UN Committee on the Rights of the Child

The United Nations Committee on the Rights of the Child ('UN Committee') oversees what countries are doing to implement the UNCRC. It monitors their progress.

The UN Committee is made up of 18 independent experts on children’s human rights from different countries. They meet three times a year in Geneva.

The UN Committee has three main roles:

  • 1. Reviewing countries' progress

    Every five years, the UN Committee checks up on countries' action to implement children's human rights. It makes recommendations telling the country what it should do to improve the protection of children’s human rights.

    These recommendations are called Concluding Observations.

    Scroll down to find out more about the review cycle and recommendations the UN Committee has made to the UK and Scotland.

  • 2. Issuing guidance

    The UN Committee creates guidance setting out what UNCRC rights mean in more detail. 

    These guidance documents are called General Comments.

    Find out more about the Committee’s General Comments here.

  • 3. Hearing individual complaints

    The UN Committee can hear complaints from individual children who think their rights have been breached.

    Children can only submit a complaint to the UN Committee if their government has signed up to the “individual complaints mechanism”. The UK Governments has not done this yet. The Scottish Government does not have the power to do this.

    Find out more about the individual complaints mechanism here.

Reviewing countries' progress

Every country that has ratified the UNCRC needs to update the UN Committee about what it is doing to protect, respect and fulfil children's human rights.

The UN Committee checks up on countries' progress approximately every five years. It follows a five step process set out below. Information about supporting children to participate in this process can be found here.


Diagram shows how each of the five steps described in more detail below form a repeating, cyclical pattern.

What happens at each step?

  • 1. Questions from the UN Committee (LOIPR)

    The reporting process begins with the UN Committee sending the UK and devolved governments a list of questions. This is known as the List of Issues Prior to Reporting (LOIPR).

    The UN Committee typically asks about recent developments, actions that the governments have taken and their future plans to implement the UNCRC and optional protocols.

    Children's charities, NGOs, national human rights institutions and individuals can send reports to the UN Committee to help it identify what questions it should ask. Together worked with its members to submit a report to the UN Committee in December 2020. We also submitted a joint report alongside our sister organisations in England, Wales and Northern Ireland.

    The UN Committee published its list of questions in February 2021.

  • 2. Reports
    UK Government report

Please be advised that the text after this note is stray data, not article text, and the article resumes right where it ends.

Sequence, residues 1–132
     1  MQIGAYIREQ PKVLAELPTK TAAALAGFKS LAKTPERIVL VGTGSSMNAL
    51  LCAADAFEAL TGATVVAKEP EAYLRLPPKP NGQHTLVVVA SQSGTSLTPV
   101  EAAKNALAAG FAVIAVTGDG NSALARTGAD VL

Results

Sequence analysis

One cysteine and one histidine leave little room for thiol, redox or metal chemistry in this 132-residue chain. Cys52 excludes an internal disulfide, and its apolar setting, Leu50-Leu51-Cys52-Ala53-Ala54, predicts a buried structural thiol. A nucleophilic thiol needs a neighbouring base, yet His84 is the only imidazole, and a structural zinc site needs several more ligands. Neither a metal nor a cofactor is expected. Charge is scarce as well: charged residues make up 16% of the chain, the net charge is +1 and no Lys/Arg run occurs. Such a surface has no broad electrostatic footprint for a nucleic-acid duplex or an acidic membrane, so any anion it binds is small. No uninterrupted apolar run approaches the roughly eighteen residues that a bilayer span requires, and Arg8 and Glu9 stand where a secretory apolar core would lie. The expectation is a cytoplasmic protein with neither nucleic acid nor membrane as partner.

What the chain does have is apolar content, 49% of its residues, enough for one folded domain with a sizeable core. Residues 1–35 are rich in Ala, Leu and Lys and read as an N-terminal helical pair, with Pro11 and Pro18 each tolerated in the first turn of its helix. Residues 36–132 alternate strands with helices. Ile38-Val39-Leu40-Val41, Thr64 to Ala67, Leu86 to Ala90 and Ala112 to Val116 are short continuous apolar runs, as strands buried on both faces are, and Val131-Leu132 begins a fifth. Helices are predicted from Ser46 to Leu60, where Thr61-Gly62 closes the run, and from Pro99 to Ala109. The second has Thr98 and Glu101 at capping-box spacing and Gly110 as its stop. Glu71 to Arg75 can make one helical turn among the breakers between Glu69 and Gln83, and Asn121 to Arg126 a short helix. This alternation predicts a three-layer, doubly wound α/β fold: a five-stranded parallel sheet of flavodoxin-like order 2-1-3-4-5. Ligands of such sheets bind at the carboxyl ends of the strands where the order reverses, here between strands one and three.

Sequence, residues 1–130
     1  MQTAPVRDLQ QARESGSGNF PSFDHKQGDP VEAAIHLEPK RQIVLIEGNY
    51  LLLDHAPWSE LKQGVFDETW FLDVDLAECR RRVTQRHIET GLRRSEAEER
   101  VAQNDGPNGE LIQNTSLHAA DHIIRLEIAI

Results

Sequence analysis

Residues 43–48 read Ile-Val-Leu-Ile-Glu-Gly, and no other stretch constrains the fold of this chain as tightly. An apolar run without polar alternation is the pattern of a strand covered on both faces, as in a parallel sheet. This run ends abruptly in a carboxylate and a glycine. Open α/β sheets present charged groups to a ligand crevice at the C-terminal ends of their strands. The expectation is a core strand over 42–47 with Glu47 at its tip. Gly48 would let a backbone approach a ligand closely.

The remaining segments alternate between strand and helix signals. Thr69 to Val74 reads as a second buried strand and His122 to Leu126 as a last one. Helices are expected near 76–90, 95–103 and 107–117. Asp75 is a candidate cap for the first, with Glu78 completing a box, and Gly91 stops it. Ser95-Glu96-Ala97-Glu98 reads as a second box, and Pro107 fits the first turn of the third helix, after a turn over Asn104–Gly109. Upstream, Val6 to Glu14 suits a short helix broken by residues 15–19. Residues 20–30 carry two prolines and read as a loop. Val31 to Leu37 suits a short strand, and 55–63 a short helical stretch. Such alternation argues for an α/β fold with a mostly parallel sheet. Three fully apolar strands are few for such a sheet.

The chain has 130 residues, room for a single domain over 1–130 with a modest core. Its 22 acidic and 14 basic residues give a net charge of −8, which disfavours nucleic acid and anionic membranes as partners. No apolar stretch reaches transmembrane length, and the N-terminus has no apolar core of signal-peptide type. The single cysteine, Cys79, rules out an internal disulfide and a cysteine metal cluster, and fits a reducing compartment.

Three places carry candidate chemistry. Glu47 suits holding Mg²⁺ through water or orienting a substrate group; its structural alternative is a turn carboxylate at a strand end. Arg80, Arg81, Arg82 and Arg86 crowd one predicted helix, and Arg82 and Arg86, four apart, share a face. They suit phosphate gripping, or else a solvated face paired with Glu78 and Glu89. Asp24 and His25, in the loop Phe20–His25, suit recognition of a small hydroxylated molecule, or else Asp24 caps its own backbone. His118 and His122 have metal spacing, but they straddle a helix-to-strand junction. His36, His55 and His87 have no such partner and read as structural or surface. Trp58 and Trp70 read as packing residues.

The UK Government has one year to reply to the UN Committee's list of questions. It prepares a formal report drawing on input from the devolved governments.

    Position statements

    The UK Government must follow a strict word limit when submitting its official report. Accordingly, the devolved governments sometimes choose to publish a separate position statement so they can set out their position in more detail. 

    Shadow reports

    Once the UK Government report has been submitted, stakeholders such as children's charities and NGOs can submit their own reports about how well children's human rights are being implemented and what further action they think is needed.

    These reports are essential as they provide the UN Committee with an independent, non-governmental account of what life is like for children in Scotland. They help the UN Committee understand areas of concern and what recommendations would help address these.

    Together works closely with its members to prepare its shadow report. Engagement usually includes a series of surveys, webinars and peer review. Together works with its members to support children to prepare their own report.

    These shadow reports must be submitted one month before the UN Committee holds its pre-sessional working group.

  • 3. Dialogue

    After reviewing all the reports, the UN Committee invites a group of government officials to a formal meeting in Geneva. 

    During this meeting, the UN Committee and government officials discuss the key issues that have been raised in the reports and at the pre-session. This is an opportunity for the UN Committee to ask questions and for the government officials to clarify any points.

    The findings from this meeting form the basis of the UN Committee's recommendations (known as "Concluding Observations").

    The UK's most recent review took place on 18-19th May 2023.

  • 4. Concluding Observations

    A few weeks after the dialogue, the UN Committee publishes its Concluding Observations.

    The Concluding Observations set out the UN Committee's assessment of how well the country is implementing the UNCRC, any areas of concern and recommendations to address these.

    The Concluding Observations are the main outcome of the review process. They are a very useful tool for children's rights defenders to use in their advocacy and to monitor government progress.

    The most recent Concluding Observations were published on 2nd June 2023.

  • 5. Follow-up

    Following the Concluding Observations, there is a period of follow-up activity where countries are encouraged to implement the UN Committee's recommendations ahead of the next reporting cycle. The Concluding Observations are a very useful tool for children's rights defenders to use in their advocacy and to monitor government progress and push for change.